Non-discriminatory relates to both the terms and the rates included in licensing agreements. As the name suggests this commitment requires that licensors treat each individual licensee in a similar manner. This does not mean that the rates and payment terms can’t change dependent on the volume and creditworthiness of the licensee. However it does mean that the underlying licensing condition included in a licensing agreement must be the same regardless of the licensee. This obligation is included in order to maintain a level playing field with respect to existing competitors and to ensure that potential new entrants are free to enter the market on the same basis.

The most controversial issue in RAND licensing is whether the "reasonable" license price should include the value contributed by the standard-setting organization's decision to adopt the standard. A technology is often more valuable after it has been widely adopted than when it is one alternative among many; there is a good argument that a license price that captures that additional value is not "reasonable" because it does not reflect the intrinsic value of the technology being licensed. On the other hand, the adoption of the standard may signal that the adopted technology is valuable, and the patent holder should be rewarded accordingly. That is particularly relevant when the value of the patent is not clearly known before the adoption of the standard.[4]

Some interpretations of "non-discriminatory" can include time-oriented licensing terms such as an "early bird" license offered by a licensor where terms of a RAND license are better for initial licensees or for licensees who sign a license within the first year of its availability.

Excluding costless distribution schemes[edit]

RAND terms exclude intangible goods which the producer may decide to distribute at no cost and where third parties may make further copies. Take for example a software package that is distributed at no cost and to which the developer wants to add support for a video format which requires a patent licence. If there is a licence which requires a tiny per-copy fee, the software project will not be able to avail of the licence. The licence may be called "(F)RAND", but the modalities discriminate against a whole category of intangible goods such as free software[5] and freeware.[original research?]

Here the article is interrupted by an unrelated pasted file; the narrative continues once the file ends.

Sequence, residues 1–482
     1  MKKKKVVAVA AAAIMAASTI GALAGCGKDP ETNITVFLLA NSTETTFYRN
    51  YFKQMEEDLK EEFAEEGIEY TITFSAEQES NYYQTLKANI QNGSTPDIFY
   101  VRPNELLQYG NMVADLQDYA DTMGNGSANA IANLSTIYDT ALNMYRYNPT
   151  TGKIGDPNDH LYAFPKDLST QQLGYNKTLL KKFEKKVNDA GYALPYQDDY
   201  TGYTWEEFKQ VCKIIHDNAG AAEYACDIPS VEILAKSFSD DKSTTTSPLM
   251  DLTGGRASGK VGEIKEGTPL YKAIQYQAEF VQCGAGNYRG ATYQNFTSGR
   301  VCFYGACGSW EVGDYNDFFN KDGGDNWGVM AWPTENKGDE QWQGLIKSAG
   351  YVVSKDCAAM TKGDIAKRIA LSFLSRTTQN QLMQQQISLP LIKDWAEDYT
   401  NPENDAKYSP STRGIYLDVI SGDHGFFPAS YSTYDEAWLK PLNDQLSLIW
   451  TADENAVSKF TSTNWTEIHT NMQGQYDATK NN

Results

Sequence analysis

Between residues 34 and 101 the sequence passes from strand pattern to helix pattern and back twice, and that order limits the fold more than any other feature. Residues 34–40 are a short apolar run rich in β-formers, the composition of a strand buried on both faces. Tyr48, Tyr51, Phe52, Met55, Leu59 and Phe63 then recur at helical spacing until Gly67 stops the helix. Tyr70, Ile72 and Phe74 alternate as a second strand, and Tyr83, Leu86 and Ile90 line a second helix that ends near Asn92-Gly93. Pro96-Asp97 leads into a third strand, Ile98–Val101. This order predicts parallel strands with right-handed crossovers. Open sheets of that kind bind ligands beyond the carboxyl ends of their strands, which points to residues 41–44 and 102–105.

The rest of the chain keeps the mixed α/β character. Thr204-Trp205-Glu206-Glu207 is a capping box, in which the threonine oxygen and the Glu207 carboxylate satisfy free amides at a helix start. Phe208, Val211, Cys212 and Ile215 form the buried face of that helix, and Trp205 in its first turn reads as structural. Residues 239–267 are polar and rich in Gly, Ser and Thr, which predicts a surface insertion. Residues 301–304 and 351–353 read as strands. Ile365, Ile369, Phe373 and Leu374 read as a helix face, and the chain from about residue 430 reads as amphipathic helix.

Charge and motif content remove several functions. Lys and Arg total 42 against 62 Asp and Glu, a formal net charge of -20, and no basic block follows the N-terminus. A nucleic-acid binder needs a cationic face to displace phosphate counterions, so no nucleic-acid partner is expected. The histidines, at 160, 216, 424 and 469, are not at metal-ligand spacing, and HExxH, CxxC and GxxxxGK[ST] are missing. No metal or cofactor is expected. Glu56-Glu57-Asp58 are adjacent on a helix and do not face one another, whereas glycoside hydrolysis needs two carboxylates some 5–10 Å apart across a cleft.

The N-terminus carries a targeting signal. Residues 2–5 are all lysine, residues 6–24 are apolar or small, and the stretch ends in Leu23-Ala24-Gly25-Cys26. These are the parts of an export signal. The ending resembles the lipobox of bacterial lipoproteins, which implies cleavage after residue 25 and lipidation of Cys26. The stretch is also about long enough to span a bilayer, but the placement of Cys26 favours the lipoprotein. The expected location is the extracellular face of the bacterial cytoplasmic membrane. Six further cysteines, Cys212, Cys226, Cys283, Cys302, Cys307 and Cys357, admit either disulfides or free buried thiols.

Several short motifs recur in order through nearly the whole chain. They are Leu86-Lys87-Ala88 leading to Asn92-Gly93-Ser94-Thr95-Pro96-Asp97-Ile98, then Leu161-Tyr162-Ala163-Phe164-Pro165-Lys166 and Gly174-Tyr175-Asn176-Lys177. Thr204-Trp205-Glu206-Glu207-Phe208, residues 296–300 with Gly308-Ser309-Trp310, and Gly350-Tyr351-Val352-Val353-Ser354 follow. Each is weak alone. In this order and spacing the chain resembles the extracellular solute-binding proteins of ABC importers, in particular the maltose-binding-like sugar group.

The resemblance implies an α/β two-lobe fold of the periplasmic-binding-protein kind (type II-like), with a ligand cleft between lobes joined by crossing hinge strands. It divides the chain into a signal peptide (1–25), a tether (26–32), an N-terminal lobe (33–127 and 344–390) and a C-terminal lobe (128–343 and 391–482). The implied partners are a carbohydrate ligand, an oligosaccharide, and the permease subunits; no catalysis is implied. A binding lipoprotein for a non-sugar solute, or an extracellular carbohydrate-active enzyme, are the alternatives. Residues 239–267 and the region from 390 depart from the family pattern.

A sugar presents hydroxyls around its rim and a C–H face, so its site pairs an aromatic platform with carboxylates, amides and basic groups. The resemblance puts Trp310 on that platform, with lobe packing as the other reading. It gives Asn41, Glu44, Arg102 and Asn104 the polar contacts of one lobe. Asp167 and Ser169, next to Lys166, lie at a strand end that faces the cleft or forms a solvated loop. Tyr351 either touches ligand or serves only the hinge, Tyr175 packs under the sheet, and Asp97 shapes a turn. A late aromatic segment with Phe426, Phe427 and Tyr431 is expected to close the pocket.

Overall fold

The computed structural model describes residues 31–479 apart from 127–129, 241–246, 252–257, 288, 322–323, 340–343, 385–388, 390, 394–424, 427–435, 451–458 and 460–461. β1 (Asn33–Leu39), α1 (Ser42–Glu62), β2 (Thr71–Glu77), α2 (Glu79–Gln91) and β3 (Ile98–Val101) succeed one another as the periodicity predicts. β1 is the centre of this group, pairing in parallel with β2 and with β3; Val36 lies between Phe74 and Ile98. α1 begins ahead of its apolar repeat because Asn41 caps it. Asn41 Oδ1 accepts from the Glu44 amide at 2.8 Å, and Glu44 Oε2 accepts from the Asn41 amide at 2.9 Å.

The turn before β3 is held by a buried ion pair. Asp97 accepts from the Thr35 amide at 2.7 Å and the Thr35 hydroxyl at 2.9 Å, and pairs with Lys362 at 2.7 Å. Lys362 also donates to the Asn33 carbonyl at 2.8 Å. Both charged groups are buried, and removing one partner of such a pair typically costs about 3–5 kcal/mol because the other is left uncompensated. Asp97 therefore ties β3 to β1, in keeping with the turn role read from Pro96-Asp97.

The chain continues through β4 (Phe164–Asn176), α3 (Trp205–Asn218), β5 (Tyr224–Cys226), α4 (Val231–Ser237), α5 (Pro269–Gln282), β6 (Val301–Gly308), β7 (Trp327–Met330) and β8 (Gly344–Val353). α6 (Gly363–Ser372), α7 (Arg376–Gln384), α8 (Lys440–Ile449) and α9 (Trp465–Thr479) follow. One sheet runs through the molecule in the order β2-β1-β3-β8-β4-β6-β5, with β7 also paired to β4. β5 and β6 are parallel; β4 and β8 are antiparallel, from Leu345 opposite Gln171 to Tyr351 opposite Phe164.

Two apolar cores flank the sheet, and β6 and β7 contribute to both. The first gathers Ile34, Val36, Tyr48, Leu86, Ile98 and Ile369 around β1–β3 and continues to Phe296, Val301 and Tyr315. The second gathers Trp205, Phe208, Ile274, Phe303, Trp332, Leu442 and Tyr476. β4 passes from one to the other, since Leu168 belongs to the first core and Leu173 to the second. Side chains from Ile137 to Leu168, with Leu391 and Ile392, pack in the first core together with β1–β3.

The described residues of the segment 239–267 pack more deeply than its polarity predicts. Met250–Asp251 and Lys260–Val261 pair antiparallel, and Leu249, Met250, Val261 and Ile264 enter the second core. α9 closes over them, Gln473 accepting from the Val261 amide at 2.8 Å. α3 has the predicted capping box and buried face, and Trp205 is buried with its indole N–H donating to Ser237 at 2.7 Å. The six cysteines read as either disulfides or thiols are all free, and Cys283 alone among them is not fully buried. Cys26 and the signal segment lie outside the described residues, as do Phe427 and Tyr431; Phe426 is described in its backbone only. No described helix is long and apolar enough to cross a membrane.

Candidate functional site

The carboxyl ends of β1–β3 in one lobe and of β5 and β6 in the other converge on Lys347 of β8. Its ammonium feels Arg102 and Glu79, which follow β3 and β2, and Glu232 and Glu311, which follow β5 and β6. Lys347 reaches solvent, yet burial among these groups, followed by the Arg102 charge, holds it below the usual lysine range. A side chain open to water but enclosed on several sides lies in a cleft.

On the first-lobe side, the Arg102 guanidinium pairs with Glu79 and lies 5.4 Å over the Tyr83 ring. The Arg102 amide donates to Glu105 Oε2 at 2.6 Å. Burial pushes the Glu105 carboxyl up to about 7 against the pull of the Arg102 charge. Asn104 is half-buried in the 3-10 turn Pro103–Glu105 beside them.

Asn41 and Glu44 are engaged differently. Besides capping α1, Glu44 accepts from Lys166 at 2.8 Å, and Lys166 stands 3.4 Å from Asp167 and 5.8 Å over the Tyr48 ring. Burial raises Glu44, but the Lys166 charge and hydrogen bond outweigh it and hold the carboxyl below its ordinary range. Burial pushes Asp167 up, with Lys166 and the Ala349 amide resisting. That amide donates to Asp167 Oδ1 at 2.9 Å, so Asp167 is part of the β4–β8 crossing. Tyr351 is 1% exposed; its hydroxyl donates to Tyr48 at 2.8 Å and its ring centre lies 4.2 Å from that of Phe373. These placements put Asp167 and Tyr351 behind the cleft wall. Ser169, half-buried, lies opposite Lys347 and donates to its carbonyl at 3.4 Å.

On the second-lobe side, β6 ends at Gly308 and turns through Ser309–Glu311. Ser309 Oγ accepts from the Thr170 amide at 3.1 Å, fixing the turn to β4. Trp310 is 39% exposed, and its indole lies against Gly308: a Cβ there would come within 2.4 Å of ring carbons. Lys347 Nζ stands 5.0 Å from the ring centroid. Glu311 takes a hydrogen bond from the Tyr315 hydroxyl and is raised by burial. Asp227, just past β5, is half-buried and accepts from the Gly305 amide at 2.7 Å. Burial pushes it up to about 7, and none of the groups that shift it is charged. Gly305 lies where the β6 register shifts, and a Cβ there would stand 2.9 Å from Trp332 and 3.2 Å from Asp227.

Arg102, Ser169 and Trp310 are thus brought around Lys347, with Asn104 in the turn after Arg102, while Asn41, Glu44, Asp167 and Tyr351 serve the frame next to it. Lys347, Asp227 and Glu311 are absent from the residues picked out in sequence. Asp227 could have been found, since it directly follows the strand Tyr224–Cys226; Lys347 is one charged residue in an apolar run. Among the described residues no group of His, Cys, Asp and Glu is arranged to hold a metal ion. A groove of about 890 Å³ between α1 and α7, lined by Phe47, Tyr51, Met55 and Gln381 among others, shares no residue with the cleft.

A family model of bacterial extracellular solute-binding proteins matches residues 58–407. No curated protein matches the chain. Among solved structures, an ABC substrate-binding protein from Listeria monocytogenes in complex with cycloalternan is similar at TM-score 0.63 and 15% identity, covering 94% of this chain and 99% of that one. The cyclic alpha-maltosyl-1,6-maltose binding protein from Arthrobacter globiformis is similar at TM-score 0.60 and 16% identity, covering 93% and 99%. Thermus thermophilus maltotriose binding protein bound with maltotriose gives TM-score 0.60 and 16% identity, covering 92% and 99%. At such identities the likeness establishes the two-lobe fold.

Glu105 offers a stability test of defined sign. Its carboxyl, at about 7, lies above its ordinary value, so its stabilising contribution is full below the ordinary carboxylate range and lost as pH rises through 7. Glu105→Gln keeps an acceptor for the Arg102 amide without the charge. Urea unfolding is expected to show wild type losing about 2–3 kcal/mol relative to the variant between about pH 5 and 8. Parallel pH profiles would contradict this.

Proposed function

This form of discrimination can be similarly caused by common licence terms such as only applying to complete implementations of the licensed standard, limiting use to particular fields, or restricting redistribution. The Free Software Foundation suggests the term "uniform fee only" (UFO) to reflect that such "(F)RAND" licences are inherently discriminatory.[6]

Related licenses[edit]

Related to RAND licenses are RAND-Z (RAND with zero royalty) or RAND-RF (RAND Royalty Free) licensing, in which a company promises to license the technology at no charge, but implementers still have to get the licenser's permission to implement. The licenser may not make money off the deal but can still stop some type of products or require some type of reciprocity or do more subtle things like drag out the licensing process.[7][8][9]

See also[edit]

References[edit]

  1. ^ a b c Layne-Farrar, Anne; Padilla, A. Jorge; Schmalensee, Richard (2007). "Pricing Patents for Licensing in Standard-Setting Organizations: Making Sense of FRAND Commitments". Antitrust L.J. 74: 671. 
  2. ^ http://leconcurrentialiste.com/2014/01/27/frand-statistical-comparison-between-cases-and-research-papers/
  3. ^ Salant, David J (2007). "Formulas for fair, reasonable and non-discriminatory royalty determination". Munich Personal RePEc Archive. Retrieved 11 December 2011. 
  4. ^ Mariniello, Mario (2011) Fair, Reasonable and Non Discriminatory (FRAND) Terms: A Challenge for Competition Authorities - Journal of Competition Law and Economics, Oxford University Press, Vol. 7, n. 3
  5. ^ "FRAND" is a FRAUD Free Software Foundation, 2012
  6. ^ Words to Avoid gnu.org
  7. ^ "A Buyer's Guide to Standards". 2002-09-20. Retrieved 2011-05-23. 
  8. ^ "Patent Licensing Assurances in Standards Organizations". 2007-08-06. Retrieved 2011-05-23. 
  9. ^ Standardization Feedback for the National Science and Technology Council (PDF), retrieved 2011-05-23 

External links[edit]